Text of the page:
Friday, January 16, 2009

Strength of Faith (1)

Christians often evaluate "strength of faith." Is my faith strong? Should it be stronger? Should that guy over there do a better job of trusting God like I do? Shouldn't I be further along in my faith-walk?

Good and faithful pastors have repeatedly tried to pound into my head that faith is passive receptivity. Faith is not so much a "thing" in and of itself, but faith is what receives Christ. What matters is not the "trustingness" but the OBJECT of faith. I have been told gazillions of times that we are speaking about faith wrongly if we cannot replace the word "faith" with "Christ" and have our sentence still be right.

Pray more, so that your faith can get stronger.
Pray more, so that Christ can get stronger.
Hmmm. Doesn't work.
Faith saves.
Christ saves.
Hmmm. Does work.

So for years I've been muddling along with the conflict between my old idea of faith and what my understanding of faith should be. And I was slowly starting to get it.

And then along come some stories from the Gospels where Jesus talks about strong faith and weak faith. (There's the Canaanite woman in Matthew 15. And the centurion in Matthew 8. And the disciples in the boat in the storm in Matthew 8.) Now, hold it just a minute! If Jesus talks about strong faith and weak faith, just what does Pastor have to say about that???

He said it's not how much trustingness we have, or that we could have "more trustingness" or "less trustingness." He said that faith is strong when its object is Christ. But we sinners have false faith. We are laden with unbelief, even as Christians. When faith is fixed elsewhere, then we are "weak in faith." When the disciples were looking at the stormy waves instead of at Jesus, He said they had "no faith" or "little faith." The whole point of preaching and teaching is that the false faith be killed in us (yet again) and that we be converted (yet again) so that faith instead is firmly fixed (yet again) upon Jesus and His mercy.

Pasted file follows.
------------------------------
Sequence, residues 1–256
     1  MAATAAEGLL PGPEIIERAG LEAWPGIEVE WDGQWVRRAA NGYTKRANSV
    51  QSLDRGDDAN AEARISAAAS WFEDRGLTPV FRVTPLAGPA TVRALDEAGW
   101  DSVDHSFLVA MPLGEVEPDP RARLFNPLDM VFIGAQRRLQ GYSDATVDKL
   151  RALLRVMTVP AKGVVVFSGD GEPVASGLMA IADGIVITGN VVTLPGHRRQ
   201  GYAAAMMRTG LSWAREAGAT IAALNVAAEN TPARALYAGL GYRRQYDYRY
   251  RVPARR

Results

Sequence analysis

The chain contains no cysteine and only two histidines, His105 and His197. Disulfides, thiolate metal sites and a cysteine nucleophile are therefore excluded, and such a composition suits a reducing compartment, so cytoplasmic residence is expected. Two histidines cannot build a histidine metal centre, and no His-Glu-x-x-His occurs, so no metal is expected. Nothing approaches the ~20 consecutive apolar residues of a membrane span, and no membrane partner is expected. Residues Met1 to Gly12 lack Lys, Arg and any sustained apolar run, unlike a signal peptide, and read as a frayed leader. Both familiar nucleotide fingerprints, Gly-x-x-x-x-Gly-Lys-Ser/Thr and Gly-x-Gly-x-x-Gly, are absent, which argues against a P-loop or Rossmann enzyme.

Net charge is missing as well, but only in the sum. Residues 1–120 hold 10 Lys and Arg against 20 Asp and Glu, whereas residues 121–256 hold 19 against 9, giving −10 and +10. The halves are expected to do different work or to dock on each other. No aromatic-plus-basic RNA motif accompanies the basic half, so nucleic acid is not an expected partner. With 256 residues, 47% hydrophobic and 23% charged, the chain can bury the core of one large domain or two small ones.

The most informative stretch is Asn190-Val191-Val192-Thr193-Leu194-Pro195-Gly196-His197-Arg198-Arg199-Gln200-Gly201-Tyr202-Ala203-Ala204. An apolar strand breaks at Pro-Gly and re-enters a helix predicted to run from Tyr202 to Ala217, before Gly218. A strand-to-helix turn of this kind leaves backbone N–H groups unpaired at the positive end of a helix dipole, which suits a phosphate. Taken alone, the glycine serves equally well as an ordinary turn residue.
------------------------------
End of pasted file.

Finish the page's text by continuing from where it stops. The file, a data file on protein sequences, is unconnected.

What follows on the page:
So the antidote to weak faith is not "doing a better job of trusting." The solution is not to try harder to squash the unbelief. The problem is not solved by bucking up and acting in the way that I think I'd act if I were a good truster. The solution is to be absolved, to hear more of Jesus' love, to receive the Supper, to look at Him and not at my faith or its strength or weakness.

1 comment:

  1. wow!
    i "just" love how you explain theology!!
    when i'm reading the Bible verses from the Congregation at Prayer or listening to Pastor in Bible class, i know i understand it (by faith) but i can't seem to articulate what i'm understanding. then i read something you've written and it becomes like crystal